Back to the solo acts, let’s look at maybe the greatest hitmaker who ever lived; James Paul McCartney. His success and influence as a Beatle we need not go into. He also enjoyed massive success as a solo act. Macca has won 18 Grammys and has written or co-written 32 #1 songs. Hello! But let’s look at the “albums of consequence later in life” stat: his last five albums have all reached the Top Ten on the charts and three have been nominated for Grammys. 2012’s album of standards, Kisses on the Bottom, won the Tony Bennett Award; Best Traditional Pop Album Grammy. And that’s about it. I always put it a bit roughly when talking about the Stones and the same could be applied to McCartney: no one – critics or record buyers – really care too much about the recent albums. That is not so with Dylan.
Elton John released his first record in 1969. From 1972 to 1975, all six of the albums he released went to #1. Several Grammy noms through the 70s but no wins. Starting with his “comeback” album – 1988’s Reg Strikes Back – and going through until the most recent, his albums have been moderately received while charting in the Top 30. Elton’s persona and history are what keep him going. A highly anticipated biopic doesn’t hurt. But Reg hasn’t made much of an impact – critically, culturally – with his last dozen records.
I have to throw in the Red-Headed Stranger. Willie Nelson’s debut album came out the same year as Bob Dylan’s and Willie is still releasing records today. So let’s look. Willie’s early successes came as a songwriter (“Funny How Time Slips Away”, “Pretty Paper”, “Crazy”) and it took him ten years to make a splash as a recording artist. He moved to Atlantic Records in 1973 and began to make noise. He arrived as an artist with 1975’s The Red-Headed Stranger. He released several successful albums throughout the 70s and 80s and then really ramped things up after he got into trouble with the IRS. After he realized he owed the government a bundle, he began to release albums like a madman! On any and every label that would have him. Willie Nelson is certainly prolific and signifiant as a musical figure but the sales, the chart position and the Grammys just aren’t there.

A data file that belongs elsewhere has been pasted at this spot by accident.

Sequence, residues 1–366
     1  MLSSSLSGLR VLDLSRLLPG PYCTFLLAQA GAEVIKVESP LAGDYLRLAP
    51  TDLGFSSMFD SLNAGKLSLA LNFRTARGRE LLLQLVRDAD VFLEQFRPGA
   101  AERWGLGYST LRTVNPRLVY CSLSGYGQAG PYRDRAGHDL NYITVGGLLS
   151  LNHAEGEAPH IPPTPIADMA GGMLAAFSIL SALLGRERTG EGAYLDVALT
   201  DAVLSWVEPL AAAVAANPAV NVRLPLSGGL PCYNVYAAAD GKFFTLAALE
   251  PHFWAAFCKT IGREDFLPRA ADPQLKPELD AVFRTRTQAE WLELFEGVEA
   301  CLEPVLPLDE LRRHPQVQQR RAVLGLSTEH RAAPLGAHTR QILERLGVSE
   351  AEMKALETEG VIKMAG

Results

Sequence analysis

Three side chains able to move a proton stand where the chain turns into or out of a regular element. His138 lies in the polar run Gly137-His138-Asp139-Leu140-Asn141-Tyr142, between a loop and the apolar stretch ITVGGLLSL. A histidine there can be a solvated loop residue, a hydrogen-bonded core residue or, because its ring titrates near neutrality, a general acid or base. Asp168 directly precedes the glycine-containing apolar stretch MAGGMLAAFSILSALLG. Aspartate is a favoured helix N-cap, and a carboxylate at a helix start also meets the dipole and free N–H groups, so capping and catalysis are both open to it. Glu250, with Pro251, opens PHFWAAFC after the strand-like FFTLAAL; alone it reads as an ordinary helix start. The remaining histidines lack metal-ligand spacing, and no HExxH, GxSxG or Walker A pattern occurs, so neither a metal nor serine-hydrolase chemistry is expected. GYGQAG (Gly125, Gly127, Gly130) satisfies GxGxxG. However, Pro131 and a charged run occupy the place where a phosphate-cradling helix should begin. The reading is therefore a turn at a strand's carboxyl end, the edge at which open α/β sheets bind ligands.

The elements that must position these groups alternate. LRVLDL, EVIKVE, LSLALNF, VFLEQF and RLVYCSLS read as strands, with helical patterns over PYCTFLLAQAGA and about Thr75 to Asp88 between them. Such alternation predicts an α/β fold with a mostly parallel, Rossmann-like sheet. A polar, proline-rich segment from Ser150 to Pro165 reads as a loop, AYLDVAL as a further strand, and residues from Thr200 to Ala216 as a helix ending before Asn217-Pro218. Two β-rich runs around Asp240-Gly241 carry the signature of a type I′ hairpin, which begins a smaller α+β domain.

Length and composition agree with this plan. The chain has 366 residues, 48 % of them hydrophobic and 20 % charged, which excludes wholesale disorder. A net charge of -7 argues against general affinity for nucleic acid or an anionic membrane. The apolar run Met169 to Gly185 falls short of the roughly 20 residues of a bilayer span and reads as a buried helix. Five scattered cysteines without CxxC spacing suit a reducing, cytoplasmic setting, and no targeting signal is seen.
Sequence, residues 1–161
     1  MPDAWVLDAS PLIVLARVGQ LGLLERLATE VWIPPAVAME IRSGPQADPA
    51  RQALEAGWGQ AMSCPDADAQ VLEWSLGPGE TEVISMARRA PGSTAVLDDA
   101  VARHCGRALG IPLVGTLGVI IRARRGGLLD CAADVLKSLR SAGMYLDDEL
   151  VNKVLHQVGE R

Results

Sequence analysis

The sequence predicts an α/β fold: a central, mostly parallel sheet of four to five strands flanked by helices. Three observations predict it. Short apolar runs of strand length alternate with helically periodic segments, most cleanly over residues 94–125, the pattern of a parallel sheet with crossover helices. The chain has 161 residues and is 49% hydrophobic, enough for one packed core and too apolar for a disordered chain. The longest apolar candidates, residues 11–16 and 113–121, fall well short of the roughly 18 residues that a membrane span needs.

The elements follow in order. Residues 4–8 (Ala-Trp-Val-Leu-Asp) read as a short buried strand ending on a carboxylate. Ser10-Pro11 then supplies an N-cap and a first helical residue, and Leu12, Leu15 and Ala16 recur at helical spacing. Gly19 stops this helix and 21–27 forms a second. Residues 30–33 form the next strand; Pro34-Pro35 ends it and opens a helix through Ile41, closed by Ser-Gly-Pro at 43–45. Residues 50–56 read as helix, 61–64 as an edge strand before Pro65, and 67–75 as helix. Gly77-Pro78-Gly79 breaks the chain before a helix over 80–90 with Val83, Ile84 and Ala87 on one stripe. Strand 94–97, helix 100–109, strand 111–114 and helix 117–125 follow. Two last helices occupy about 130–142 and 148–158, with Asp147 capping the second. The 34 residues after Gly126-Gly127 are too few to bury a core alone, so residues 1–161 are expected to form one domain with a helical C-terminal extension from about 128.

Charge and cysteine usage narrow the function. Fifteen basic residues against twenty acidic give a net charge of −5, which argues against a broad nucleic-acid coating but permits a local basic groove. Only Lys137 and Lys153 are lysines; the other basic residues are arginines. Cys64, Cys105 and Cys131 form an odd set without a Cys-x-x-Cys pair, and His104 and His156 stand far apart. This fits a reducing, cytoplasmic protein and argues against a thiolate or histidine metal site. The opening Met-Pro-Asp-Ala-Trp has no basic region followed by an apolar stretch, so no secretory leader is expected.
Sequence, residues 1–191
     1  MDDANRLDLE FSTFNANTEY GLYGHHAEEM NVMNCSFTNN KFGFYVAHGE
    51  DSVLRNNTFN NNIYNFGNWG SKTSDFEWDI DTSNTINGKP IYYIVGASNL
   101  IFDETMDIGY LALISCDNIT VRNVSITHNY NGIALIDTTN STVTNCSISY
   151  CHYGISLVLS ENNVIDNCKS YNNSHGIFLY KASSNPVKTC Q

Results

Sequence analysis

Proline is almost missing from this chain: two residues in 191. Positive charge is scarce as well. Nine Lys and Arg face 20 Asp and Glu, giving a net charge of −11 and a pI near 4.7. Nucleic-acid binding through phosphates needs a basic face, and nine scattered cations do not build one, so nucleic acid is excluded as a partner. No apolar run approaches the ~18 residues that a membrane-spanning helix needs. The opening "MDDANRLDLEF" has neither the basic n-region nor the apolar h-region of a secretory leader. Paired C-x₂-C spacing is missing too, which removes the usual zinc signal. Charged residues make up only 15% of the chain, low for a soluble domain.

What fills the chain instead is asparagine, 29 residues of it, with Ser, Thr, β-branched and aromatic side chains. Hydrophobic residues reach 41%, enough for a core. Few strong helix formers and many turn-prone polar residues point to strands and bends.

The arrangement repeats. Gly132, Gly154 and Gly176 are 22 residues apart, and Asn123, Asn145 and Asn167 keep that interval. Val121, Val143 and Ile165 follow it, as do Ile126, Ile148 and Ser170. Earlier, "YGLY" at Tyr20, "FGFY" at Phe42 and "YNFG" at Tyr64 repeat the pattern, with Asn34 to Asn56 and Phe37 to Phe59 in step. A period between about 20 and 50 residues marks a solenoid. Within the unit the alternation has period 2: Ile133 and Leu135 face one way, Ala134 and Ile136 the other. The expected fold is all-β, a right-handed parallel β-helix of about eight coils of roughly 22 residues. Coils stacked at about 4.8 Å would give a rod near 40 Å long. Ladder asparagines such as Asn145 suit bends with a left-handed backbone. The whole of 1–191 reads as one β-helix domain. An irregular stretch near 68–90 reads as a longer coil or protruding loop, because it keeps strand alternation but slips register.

OK, so, what about Bob? His first album didn’t chart – the rest of his 38 albums have up to and including his most recent, 2017’s Triplicate (#37). Remarkably, his next ten albums after his first made it into the Top 10 in the UK. Stateside, his early albums were nominated for folk Grammys and charted in the Top 30. And then – starting with 1965’s Bringing It All Back Home and Highway 61 Revisited and 1966’s Blonde on Blonde – Dylan changed the rules. This run of landmark albums is equalled only by Presley’s initial run and – maybe – the Beatles’ output in 1966-67.